The NWS issues a Winter Weather Advisory when a winter weather event is expected to cause a some degree of inconvenience, but is not expected to be a major hazard to travel and commerce (when a warning would be required). A combination of precipitation types is possible. An Advisory is basically a “Junior Warning.” Caution is advised while traveling or working outdoors during an advisory.

When is it in effect and who does it include?

The advisory is in effect for those counties in purple above. Basically if your county has I-40 running through it or you are north of I-40, you’re included. In addition, DeSoto and Tunica Counties are also included. The advisory runs from 6pm this evening through 9am Sunday.

What is driving this potential winter weather?

A fairly common wintertime pattern is in place, with a low pressure system moving along the Gulf Coast over the next 24 hours and an “inverted trough” (or weaker pressure extending north from the low) crossing the Mid-South. The low and trough are providing the lift and precipitation. Cold high pressure to our north is seeping the cold air into the region. Areas to the north of the metro, in northeast AR and northwest TN, are deeper into the cold air and are already experiencing winter weather conditions, including freezing rain, snow and some sleet.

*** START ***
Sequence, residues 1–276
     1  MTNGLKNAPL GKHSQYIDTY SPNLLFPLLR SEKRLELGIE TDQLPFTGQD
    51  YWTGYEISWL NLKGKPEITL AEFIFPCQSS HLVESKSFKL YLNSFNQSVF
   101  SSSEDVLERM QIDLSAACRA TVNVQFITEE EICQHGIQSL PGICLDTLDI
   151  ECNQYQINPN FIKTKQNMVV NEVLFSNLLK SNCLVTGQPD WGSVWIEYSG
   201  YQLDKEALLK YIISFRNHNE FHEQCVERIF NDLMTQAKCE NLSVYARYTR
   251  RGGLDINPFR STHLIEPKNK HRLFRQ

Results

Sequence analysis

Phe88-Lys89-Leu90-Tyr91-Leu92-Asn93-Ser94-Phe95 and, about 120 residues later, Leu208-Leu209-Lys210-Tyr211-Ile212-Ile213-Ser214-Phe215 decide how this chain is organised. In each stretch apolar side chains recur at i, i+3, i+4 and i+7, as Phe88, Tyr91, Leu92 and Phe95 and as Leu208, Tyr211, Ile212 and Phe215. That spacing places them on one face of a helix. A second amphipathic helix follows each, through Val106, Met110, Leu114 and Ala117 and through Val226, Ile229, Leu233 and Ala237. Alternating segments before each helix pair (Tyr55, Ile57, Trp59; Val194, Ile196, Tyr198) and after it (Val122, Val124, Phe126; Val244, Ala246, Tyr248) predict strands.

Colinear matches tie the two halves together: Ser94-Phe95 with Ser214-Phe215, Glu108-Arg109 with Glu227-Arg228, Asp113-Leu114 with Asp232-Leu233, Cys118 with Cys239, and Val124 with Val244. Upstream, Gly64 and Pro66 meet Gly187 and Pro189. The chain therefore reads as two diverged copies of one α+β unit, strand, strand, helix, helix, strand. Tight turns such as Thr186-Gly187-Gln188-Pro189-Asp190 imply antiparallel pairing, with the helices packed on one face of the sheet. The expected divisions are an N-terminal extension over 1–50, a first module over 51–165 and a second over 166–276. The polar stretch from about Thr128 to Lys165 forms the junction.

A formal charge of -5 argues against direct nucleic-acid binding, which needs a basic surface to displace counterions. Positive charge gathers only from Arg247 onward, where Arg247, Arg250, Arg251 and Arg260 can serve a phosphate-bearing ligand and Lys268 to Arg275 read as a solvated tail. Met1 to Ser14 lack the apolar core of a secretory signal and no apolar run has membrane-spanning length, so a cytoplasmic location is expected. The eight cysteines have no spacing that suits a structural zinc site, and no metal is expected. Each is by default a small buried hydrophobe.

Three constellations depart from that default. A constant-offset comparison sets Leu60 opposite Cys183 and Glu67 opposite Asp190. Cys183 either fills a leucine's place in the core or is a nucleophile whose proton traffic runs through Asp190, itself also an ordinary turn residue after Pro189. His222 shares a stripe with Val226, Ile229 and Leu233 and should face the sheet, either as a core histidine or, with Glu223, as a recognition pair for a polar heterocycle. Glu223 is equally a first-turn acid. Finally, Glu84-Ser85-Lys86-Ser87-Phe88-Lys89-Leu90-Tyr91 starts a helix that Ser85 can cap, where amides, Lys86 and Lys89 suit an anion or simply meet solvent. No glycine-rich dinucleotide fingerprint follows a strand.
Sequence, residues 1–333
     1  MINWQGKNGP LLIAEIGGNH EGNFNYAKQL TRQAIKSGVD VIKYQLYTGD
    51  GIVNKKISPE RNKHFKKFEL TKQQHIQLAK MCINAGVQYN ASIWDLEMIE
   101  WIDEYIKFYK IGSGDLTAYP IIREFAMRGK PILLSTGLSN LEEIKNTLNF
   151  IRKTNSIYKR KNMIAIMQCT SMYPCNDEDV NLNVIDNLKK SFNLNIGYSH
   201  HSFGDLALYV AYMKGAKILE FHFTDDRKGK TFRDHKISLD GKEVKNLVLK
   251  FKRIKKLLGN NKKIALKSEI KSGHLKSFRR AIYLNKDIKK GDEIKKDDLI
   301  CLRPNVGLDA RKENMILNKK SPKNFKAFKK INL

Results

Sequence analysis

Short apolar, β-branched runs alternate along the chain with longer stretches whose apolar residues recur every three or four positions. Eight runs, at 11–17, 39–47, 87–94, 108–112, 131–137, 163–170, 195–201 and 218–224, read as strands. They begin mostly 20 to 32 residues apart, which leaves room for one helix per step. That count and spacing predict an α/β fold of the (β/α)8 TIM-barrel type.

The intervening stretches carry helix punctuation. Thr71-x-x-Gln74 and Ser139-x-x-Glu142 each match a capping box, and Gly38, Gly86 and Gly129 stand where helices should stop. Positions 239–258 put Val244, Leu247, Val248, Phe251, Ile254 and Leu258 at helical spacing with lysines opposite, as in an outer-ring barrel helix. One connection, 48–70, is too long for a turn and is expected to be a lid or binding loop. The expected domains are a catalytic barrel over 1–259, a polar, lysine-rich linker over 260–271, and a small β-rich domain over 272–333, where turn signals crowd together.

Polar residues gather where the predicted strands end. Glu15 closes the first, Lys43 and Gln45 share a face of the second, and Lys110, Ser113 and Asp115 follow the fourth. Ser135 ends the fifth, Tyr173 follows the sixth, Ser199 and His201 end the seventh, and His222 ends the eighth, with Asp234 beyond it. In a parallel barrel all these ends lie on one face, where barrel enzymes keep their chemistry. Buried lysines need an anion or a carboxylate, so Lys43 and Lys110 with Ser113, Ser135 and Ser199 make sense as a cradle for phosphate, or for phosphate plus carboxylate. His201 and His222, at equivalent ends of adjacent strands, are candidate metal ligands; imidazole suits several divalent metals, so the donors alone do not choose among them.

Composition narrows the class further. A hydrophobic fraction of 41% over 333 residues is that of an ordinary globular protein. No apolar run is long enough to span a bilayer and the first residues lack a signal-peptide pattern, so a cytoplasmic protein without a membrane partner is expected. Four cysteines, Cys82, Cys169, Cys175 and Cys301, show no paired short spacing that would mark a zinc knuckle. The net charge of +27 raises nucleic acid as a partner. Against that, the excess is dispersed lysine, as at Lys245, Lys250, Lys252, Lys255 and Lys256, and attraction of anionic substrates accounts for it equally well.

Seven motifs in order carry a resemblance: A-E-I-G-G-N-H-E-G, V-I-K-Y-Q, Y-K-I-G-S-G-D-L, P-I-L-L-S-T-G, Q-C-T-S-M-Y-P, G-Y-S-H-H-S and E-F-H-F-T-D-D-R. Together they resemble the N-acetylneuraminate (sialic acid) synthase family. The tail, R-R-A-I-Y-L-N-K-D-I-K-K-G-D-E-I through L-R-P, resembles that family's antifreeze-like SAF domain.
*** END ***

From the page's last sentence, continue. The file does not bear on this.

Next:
As the Gulf low and trough move east tonight, the colder air will wrap in behind them, dropping south into the I-40 corridor. That will be the impetus for today’s rain to change over to freezing or frozen precipitation. The kicker (there always is one, and it’s the same as usual in these scenarios) is that precipitation will be departing late tonight as the cold air arrives.

The high-resolution NAM model from this morning shows temperatures remaining above freezing until early Sunday morning, when they could touch the freezing mark for a few hours. (WeatherModels.com)

So what can we expect in the metro, and when?

Rain today. Cold, yucky, hot chocolate-sipping, wintertime rain.

After 10pm tonight, some colder air will start working into the mid levels of the atmosphere and surface temperatures will be in the mid 30s. We could start to see some light sleet mix with the cold rain. No travel hazards are expected during this time. (Yes, you can safely go see the Grizzlies drag LeBron and the Fakers through the mud and return home with no issues.)